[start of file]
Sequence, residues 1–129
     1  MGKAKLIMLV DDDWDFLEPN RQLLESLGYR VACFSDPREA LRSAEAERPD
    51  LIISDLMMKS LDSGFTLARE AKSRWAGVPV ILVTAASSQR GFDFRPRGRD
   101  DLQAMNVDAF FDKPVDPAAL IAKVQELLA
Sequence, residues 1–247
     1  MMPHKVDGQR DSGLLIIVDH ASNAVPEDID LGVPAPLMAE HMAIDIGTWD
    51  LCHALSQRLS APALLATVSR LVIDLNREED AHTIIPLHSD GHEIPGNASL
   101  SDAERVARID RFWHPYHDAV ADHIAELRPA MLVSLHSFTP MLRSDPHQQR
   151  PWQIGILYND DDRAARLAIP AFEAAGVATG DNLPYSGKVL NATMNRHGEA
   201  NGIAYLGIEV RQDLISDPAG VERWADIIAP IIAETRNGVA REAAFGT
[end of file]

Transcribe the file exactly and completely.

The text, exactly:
Sequence, residues 1–129
     1  MGKAKLIMLV DDDWDFLEPN RQLLESLGYR VACFSDPREA LRSAEAERPD
    51  LIISDLMMKS LDSGFTLARE AKSRWAGVPV ILVTAASSQR GFDFRPRGRD
   101  DLQAMNVDAF FDKPVDPAAL IAKVQELLA
Sequence, residues 1–247
     1  MMPHKVDGQR DSGLLIIVDH ASNAVPEDID LGVPAPLMAE HMAIDIGTWD
    51  LCHALSQRLS APALLATVSR LVIDLNREED AHTIIPLHSD GHEIPGNASL
   101  SDAERVARID RFWHPYHDAV ADHIAELRPA MLVSLHSFTP MLRSDPHQQR
   151  PWQIGILYND DDRAARLAIP AFEAAGVATG DNLPYSGKVL NATMNRHGEA
   201  NGIAYLGIEV RQDLISDPAG VERWADIIAP IIAETRNGVA REAAFGT